Thursday, January 7, 2021

“The Cyclist” by Tim Sullivan

A construction crew tearing down garages behind an old council estate uncover a body in one of the them. The body has been wrapped in plastic and placed there fairly recently. But there’s no identification – no wallet, no phone, nothing that might say who the victim is. 

Detective Sergeant George Cross and Detective Sergeant Ottey of the Somerset and Avon police force are on the scene. Ottey has to manage Cross almost as closely as she investigates a murder. Cross is on the autism spectrum, and what he considers normal conversation can be seen by others as rudeness, lack of empathy, or even hostility. More than once their superiors have considered transferring or doing something with DS Cross. The problem is that he systematically and methodically plows through a case, sees what everyone else misses, and has a 97 percent conviction rate. Prosecutors love him because he always gives them a solid case.


Because he himself rides a bicycle to and from work and most other places, Cross knows the body is a cyclist. Eventually they learn he’s one of two sons in a family owning a Greek restaurant. Everyone thought he was in Tenerife with his cycling team, a popular place for cyclists to practice. Only his team knew that he wasn’t, having received a cryptic message about a torn hamstring.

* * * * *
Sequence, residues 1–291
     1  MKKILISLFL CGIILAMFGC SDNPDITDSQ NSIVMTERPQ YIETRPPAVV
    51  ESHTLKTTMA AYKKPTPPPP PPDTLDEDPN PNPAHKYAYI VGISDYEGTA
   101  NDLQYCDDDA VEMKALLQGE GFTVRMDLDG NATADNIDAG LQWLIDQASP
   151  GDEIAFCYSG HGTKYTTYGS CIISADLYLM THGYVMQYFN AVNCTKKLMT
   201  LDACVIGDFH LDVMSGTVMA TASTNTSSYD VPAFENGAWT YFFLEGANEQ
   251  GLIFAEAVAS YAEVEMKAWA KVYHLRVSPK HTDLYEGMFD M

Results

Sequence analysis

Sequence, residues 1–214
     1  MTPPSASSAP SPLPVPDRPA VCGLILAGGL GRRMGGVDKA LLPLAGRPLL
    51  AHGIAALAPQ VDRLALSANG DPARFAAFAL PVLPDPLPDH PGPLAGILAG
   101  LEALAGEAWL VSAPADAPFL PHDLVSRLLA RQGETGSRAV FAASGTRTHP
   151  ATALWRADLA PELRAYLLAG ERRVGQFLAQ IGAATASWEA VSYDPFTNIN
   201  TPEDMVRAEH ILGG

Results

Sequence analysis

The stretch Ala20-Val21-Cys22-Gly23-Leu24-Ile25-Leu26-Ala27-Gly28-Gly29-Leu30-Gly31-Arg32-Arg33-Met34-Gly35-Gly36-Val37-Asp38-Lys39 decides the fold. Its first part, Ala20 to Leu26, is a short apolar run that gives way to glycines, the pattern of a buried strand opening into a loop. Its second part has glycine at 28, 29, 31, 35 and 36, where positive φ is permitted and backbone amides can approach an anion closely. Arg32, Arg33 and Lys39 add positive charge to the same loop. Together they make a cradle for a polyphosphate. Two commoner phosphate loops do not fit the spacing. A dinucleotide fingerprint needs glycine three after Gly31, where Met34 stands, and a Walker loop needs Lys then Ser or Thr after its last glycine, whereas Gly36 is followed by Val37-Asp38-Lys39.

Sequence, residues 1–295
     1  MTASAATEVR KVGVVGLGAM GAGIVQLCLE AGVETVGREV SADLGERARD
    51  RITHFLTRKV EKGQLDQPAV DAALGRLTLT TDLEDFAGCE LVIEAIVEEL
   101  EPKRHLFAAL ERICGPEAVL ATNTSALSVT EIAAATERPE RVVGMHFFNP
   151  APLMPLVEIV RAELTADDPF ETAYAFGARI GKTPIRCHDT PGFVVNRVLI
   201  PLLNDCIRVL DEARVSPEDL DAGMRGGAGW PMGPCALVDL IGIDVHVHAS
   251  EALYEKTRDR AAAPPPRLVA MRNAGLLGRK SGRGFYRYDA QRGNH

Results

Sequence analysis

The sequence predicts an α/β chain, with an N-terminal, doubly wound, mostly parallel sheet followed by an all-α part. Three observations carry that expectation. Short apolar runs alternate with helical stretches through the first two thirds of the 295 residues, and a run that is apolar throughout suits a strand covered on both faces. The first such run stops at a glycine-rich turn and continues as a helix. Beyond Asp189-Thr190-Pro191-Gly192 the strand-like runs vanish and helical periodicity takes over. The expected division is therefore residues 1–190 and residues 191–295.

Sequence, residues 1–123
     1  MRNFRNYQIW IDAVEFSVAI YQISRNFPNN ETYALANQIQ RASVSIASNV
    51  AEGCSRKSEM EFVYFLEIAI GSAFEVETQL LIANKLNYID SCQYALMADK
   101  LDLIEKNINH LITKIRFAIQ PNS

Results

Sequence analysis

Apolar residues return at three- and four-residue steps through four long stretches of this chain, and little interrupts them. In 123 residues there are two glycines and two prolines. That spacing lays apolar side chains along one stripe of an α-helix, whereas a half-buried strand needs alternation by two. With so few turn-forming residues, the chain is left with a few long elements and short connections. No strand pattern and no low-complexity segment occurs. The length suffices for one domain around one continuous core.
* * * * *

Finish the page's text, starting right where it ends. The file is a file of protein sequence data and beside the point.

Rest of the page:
Tim Sullivan

The Cyclist
 is the second in the DS Cross Mysteries by British author Tim Sullivan. Like its predecessor The Dentist, which introduced us to DS Cross and his colleagues, it is a finely spun story that is as much about the mystery at hand as it is about Cross’s autism journey. With a number of possible suspects, ranging from the victim’s own family to shadowy underworld figures in Greece, Cross has his work cut out for him. And even when his superiors are satisfied, if Cross isn’t and knows something is still amiss, he doggedly continues on.


Sullivan has been a film director, screenwriter and novelist. His credits include sitcoms, televised crime drama like Maigret and The Casebook of Sherlock Holmes (starring Jeremy Brett). His movie screenplays include A Handful of Dust (starring Kristen Scott Thomas, Judi Dench, and Alec Guinness) and Where Angels Fear to Tread (with Helen Mirren and Helen Bonham Carter). He also directed Coronation Street and Thatcher: The Final Days, among others. 


The bad news is that there are currently on two DS Cross mysteries published. The good news is that a third, The Patient, is scheduled to be published in early 2021.




My review of The Dentist by Tim Sullivan.

1 comment:

Bill (cycleguy) said...

This sounds like an interesting read Glynn. I'll have to check with my local library.